Monday, February 19, 2018

Discovering the Work of Karl Jenkins

This morning, I finished reading the book, Still with the Music by Karl Jenkins with Sam Jackson.
In spite of the fact that Karl Jenkins is apparently quite a popular composer, I’d not heard of him until I heard Benedictus on Classic FM. That led me to google, where I looked him up, discovered that it was from his work, The Armed Man: A Mass for Peace. The first time I listened to that, it did not take long for me to think, ‘This is not what I thought it was. I don’t think I’ll be listening to this again.’ But I decided to listen to it all the way through at least once. The next day I listened again. By then, I loved it. We are now adding much Karl Jenkins to our music collection. I have not listened to all of it yet. Some of what I have listened to speaks to me more than some of his other works.

When I saw that the library had his autobiography, I requested it. I enjoyed reading about the stories behind various works and about his life. I was intrigued by his use of the human voice as an instrument, particularly in his Adiemus series. I have become quite drawn to such music recently. In his case, he draws on his experience with jazz to create 'nonsense' lyrics, which serve to facilitate the voice as instrument. Other of his works have actual text. His wife is also a successful composer and they've collaborated quite a bit while each also working on individual projects. His son is a percussionist and is expert at how to use technology to compose music, so he is also a collaborator.

I love the ways in which his work is cross-cultural, drawing on many influences from all around the world.

 I was fascinated by his creative process and his early, deep, and ongoing attachment to music. It is a fundamental part of who he is. I would have gotten more out of the book if I had some knowledge of music, but even though all I know about music is what I like, I am glad I read the book. In addition to learning about the background of The Armed Man: A Mass for Peace and The Peacemakers, along with works that I have yet to hear, there were a couple of other things that stood out for me. One was his discussion of people who write music criticism. In spite of the fact that his work is very popular among the general public, this is not the case with critics. This made me laugh because Bill and I were, just the other day, commenting on how often it is that we find stuff (music, books, etc) that is ‘critically acclaimed’ to be extremely unappealing.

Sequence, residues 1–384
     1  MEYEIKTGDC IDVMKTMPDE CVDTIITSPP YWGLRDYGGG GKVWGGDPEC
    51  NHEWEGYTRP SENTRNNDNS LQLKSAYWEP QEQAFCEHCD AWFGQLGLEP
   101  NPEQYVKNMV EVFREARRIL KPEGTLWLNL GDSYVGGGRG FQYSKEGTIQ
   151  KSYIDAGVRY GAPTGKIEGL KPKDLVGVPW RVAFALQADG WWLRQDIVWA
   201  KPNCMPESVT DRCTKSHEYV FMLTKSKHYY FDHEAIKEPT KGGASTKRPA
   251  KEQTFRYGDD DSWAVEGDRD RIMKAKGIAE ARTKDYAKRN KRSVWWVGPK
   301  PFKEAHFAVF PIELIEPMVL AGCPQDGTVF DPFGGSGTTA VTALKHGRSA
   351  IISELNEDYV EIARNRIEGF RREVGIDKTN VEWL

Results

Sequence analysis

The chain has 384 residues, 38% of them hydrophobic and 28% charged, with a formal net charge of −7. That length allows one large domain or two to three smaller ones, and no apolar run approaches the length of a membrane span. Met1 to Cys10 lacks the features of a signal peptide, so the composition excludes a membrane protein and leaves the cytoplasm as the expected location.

On Friday evenings, there is a segment on the RTE Radio 1 show, Arena, in which two critics discuss 3 new album releases with the host. Often they do not agree with each other about the quality of the album. This time, with the first album, they did. Bill and I agreed with each other, too. They played an excerpt from one song, which neither of us liked. Then the critics started gushing about it, pausing only so another annoying and unpleasant excerpt could be played. They each gave it 4.5 out of 5 stars, mostly because it ‘was not boring.’ No, it wasn’t boring. It was quite annoying though! No stars from the Burkes! Bill turned off the radio until the show was over.

It was also interesting to read about Classic FM, which is a private radio station based in the UK. They also are widely ridiculed by critics, apparently, but have much higher ratings than BBC3, a similar, publicly funded radio station. We discovered it a couple of years ago when we moved to Moville--since we are on the border with Northern Ireland, it comes in here. There are too many commercials, but I have discovered quite a lot of music that I had not known about before, so I'm glad we found it.

One story that was near the end of the book that I thought was cool was about how, one night in 1997, Jenkins was walking around and saw a painting lit up in an art gallery. He was drawn to it and went to look at it through the window. The next day, he brought his wife to see it. She told him, ‘It looks like your music.’ He bought the painting and developed a friendship with the gallery owner. Eventually, he met the artist. The artist had no idea who had bought the painting, and was surprised when he found out, because he had been painting to the music of Karl Jenkins! I recently watched a short documentary about an artist, Ali Banisadr, in NY, but originally from Iran, who has synesthesia and paints music. Fascinating.

1 comment:

NanaDiana said...

Well how weird is that -that he bought that painting and the artist had been listening to his music!?!!! It is a small, strange world we live in, isn't it?

I have never heard of this composer but I will look him up before I go off to bed tonight. I hope you have a wonderful week, Shari! Hugs- Diana